“I put the food in I brought from home. And then I put my shoes in,” Quinlan-Flynn says.
“The kids said initially they were surprised. But then, I said, ‘Well, why do you think I might have done that?’ And they could easily connect. Somebody said, ‘Well, some people don’t have food that they need. Some people don’t have shoes that they need,’ which was exactly it.”
Fales collected more than 600 new and gently used shoes – including about 550 pairs – during a drive Quinlan-Flynn spearheaded over the weeks leading up to February vacation.
The drive focused on Kindergarten and first-grade students, who learned math along the way, but was open to the whole school community, Quinlan-Flynn said late last week.
The goal was 293 pairs, “a goal that matched the number of kids in Fales,” she said.
Last week, Quinlan-Flynn brought the shoes to the UPS Store in Westborough, which is supporting Feet Need Shoes, an effort trying to collect 200,000 pairs of shoes as “our way of ‘giving back’ as an expression of gratitude for all that we have,” according to its Facebook page. The UPS stores in Westborough, Worcester, Auburn and Holden are participating.
Feet Need Shoes is sponsored by Soles4Souls, which, Quinlan-Flynn said, “was started by a man who first saw a need after the tsunami in Southeast Asia. And then the next year was Hurricane Katrina. And from that, he founded this organization that collects shoes. And they distribute them both after disaster relief and then to places where there’s a need.”
Quinlan-Flynn said two friends teaching in Plymouth and Worcester mentioned their schools are holding such drives.
Fales holds regular drives for the food pantry, organized by school guidance counselor Dana Catarius, Quinlan-Flynn noted. And Principal Maryann Stannard has “asked classes to be open to other community service opportunities, knowing how much learning you can integrate and how invested kids get and how it helps us to put into practice those ideals that we talk about: respect, empathy and community,” she said.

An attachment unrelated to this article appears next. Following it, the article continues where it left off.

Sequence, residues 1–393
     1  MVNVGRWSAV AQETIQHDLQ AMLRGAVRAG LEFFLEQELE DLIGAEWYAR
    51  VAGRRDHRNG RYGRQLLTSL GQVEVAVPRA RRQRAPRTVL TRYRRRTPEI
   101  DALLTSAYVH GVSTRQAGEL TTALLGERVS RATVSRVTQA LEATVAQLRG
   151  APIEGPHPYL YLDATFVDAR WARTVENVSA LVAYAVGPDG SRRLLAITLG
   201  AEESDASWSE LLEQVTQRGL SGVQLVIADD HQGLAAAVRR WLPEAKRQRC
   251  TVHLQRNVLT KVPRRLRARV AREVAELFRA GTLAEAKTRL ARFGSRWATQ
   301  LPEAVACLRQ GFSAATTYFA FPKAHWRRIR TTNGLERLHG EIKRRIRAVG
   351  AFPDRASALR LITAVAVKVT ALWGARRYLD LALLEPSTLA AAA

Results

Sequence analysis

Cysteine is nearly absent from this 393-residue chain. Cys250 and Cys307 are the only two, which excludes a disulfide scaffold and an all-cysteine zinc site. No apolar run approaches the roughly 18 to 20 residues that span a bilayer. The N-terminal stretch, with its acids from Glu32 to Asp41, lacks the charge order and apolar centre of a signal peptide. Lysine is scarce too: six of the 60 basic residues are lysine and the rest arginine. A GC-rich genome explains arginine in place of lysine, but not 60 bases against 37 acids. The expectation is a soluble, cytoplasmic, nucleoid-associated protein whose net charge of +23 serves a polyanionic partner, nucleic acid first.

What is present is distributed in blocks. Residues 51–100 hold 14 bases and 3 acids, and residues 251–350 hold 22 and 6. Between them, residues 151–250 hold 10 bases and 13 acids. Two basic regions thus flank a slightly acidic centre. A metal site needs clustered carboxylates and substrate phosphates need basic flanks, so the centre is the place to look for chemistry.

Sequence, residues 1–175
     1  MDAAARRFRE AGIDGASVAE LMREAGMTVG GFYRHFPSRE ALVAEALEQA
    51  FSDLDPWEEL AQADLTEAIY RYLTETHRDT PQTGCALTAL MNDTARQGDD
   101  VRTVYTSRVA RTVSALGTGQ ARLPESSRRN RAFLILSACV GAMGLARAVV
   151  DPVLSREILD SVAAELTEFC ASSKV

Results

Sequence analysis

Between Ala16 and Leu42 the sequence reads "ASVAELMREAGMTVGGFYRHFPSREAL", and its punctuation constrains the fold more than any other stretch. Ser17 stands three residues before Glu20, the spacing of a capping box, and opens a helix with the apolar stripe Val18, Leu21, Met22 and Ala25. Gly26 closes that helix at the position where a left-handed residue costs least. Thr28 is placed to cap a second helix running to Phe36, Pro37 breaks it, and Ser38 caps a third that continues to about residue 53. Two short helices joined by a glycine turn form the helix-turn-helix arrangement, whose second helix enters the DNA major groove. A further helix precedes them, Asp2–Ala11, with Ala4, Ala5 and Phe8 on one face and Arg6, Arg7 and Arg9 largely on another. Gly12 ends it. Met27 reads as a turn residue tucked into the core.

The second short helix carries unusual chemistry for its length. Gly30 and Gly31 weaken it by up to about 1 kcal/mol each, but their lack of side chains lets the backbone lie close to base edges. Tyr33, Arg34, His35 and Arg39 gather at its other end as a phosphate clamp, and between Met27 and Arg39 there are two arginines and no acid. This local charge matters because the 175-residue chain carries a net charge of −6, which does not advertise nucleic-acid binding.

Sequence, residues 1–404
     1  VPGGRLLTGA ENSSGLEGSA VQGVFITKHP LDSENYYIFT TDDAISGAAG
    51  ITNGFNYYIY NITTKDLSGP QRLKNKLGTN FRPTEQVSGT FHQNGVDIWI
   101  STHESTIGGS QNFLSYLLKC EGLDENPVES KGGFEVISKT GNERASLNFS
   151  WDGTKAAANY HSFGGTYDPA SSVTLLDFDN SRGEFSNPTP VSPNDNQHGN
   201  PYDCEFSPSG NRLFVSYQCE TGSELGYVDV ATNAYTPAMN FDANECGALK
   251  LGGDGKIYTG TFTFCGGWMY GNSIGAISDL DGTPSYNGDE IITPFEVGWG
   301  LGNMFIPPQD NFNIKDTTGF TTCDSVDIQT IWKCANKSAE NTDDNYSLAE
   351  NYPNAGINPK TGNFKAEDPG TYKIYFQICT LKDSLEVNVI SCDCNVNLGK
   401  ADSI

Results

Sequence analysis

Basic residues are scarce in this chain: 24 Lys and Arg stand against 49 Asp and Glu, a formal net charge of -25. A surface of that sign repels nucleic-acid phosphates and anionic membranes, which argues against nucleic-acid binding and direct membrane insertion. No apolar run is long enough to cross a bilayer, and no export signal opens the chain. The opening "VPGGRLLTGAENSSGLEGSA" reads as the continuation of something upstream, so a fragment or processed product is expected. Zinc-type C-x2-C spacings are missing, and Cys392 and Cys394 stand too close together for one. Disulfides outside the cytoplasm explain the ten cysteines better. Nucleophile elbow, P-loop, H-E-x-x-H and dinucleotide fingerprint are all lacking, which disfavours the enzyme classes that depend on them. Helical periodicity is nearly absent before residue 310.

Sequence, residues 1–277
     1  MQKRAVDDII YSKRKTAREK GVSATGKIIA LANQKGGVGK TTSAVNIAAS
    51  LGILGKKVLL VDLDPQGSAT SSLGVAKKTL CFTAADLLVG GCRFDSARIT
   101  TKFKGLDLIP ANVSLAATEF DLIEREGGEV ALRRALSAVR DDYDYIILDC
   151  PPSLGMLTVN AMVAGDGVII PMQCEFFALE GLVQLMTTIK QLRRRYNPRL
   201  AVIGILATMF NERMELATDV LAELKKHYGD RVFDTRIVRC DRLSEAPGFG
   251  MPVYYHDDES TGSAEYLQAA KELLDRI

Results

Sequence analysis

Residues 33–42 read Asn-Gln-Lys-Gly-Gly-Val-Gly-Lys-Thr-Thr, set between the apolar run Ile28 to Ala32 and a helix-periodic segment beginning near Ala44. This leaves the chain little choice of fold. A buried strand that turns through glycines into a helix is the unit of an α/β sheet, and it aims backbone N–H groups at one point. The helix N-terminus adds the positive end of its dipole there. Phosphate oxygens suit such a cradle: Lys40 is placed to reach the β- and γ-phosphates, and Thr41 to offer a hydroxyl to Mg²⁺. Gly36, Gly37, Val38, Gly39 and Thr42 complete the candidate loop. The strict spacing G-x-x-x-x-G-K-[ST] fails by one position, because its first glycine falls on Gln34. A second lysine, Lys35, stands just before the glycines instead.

Quinlan-Flynn said Fales’ shoe drive included a number of tasks for the Kindergarten and first-grade studentsh.
“One of my students wrote a letter of how we would announce it to our school. And then another student read it on the announcements. We sent it through our Virtual Backpack,” she said.
As shoes were brought in, students kept track through number sense skills.
“For the last three weeks, each day of the week, I would make a table in my classroom: the shoe drive table. And they would be in charge at the end of the day: they’d take the shoes, they’d match them up, they’d band them, and then they’d record them,” Quinlan-Flynn said.
“Then, after the first week, I sent kids around to all the Kindergarten and first grade classes. They collected data. It was a great math opportunity.”